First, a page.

Supplement soup


Now you heard me about eating healthy but decide for yourself that you want to go the extra mile. So, you begin to surf the giant internet department store that rhymes with glamazon for supplements that you found on google. (as a side note, there are so many things wrong in that sentence) There are, indeed, plenty of supplements that help prevent migraines and might even keep a patient off of prescription medications. If you decide to try a supplement, be sure to trial these options for at least a month to see full effects.

Magnesium works well, especially in younger patients. You want to take 400-500 mg daily for adults. This is particularly helpful in treating migraines associated with a patient’s menstrual cycle. While it is natural, it does still have a side effect so you still need to be wary. It can upset the stomach and even cause diarrhea in some cases. Magnesium can be found naturally in spinach, nuts, and whole grains. Riboflavin, or Vitamin B2, can also be helpful in preventing migraines. You should take 400 mg daily. It causes minimal side effects. The most alarming one is that it can turn your urine orange, so don’t be startled by that. You can find it naturally in meat, eggs, milk, green vegetables, and nuts. It can interfere with antibiotics so be sure to let your doctor know if you are taking any other medications. If you can’t find this vitamin by itself, it is certainly okay to take a B Complex vitamins.

Vitamin D has been mentioned to help with migraines but there is limited evidence that this actually does provide any relief. If you find that you are deficient and want to see if supplementing will help your migraines then you want to aim for 50,000 IU (international units) a week.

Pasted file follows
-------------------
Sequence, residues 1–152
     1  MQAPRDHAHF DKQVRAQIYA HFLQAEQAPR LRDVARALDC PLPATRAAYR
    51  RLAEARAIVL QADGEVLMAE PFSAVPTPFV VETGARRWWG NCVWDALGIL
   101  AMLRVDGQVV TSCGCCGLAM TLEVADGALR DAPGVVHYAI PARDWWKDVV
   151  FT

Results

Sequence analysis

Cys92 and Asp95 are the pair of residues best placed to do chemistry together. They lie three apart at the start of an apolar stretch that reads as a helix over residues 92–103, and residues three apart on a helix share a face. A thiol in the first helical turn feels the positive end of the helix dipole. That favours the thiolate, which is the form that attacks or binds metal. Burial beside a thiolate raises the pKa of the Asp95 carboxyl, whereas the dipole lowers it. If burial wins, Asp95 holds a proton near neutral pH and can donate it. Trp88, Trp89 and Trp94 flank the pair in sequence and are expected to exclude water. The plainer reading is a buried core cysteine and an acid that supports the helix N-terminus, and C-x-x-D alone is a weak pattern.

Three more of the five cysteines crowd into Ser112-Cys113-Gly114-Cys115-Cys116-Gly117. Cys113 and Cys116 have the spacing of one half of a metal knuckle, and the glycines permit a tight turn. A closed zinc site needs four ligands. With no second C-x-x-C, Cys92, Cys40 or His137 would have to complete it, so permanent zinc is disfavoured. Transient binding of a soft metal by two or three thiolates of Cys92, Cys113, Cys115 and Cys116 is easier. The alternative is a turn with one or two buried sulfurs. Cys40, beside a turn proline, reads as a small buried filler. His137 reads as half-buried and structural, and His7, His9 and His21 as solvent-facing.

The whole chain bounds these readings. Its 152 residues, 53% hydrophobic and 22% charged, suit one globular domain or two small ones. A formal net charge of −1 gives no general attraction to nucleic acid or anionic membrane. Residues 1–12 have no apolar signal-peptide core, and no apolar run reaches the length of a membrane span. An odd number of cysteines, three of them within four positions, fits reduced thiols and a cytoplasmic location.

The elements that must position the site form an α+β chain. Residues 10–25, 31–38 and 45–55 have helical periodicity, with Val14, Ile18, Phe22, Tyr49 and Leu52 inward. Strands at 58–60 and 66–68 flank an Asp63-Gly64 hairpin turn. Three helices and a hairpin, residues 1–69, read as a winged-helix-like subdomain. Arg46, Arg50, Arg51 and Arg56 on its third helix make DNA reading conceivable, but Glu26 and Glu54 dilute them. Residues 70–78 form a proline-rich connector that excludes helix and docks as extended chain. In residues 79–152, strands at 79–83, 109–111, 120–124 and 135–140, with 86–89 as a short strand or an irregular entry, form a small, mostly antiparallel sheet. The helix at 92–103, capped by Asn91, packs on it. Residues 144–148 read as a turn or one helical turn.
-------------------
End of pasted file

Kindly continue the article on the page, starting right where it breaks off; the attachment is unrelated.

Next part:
Co-enzyme Q10 will also show up on your web browser search. It is possibly effective but, again, there is limited evidence. The best recommendation is for 100 mg three times a day. It can be found naturally in liver, whole grains, and oily fish like salmon. It can interact with other medications so again be sure your doctor is aware of everything you take including things over the counter. Melatonin has some studies that show it can provide relief at 3 mg nightly.

Feverfew is another common herbal that will come up in migraine discussions. As you might guess by the name it was often used to fight fevers and inflammation. The latter part is what probably helps in migraines. The recommended dose is 50 mg per day. It can also interfere with blood thinners so beware.

Overall, there are many things we can do to maximize our nutrition and health in order to minimize our migraines. However, as mentioned some herbals and natural remedies can interact with other medications or make you feel worse, so it is still a good idea to coordinate with your doctor to make a healthy treatment plan.

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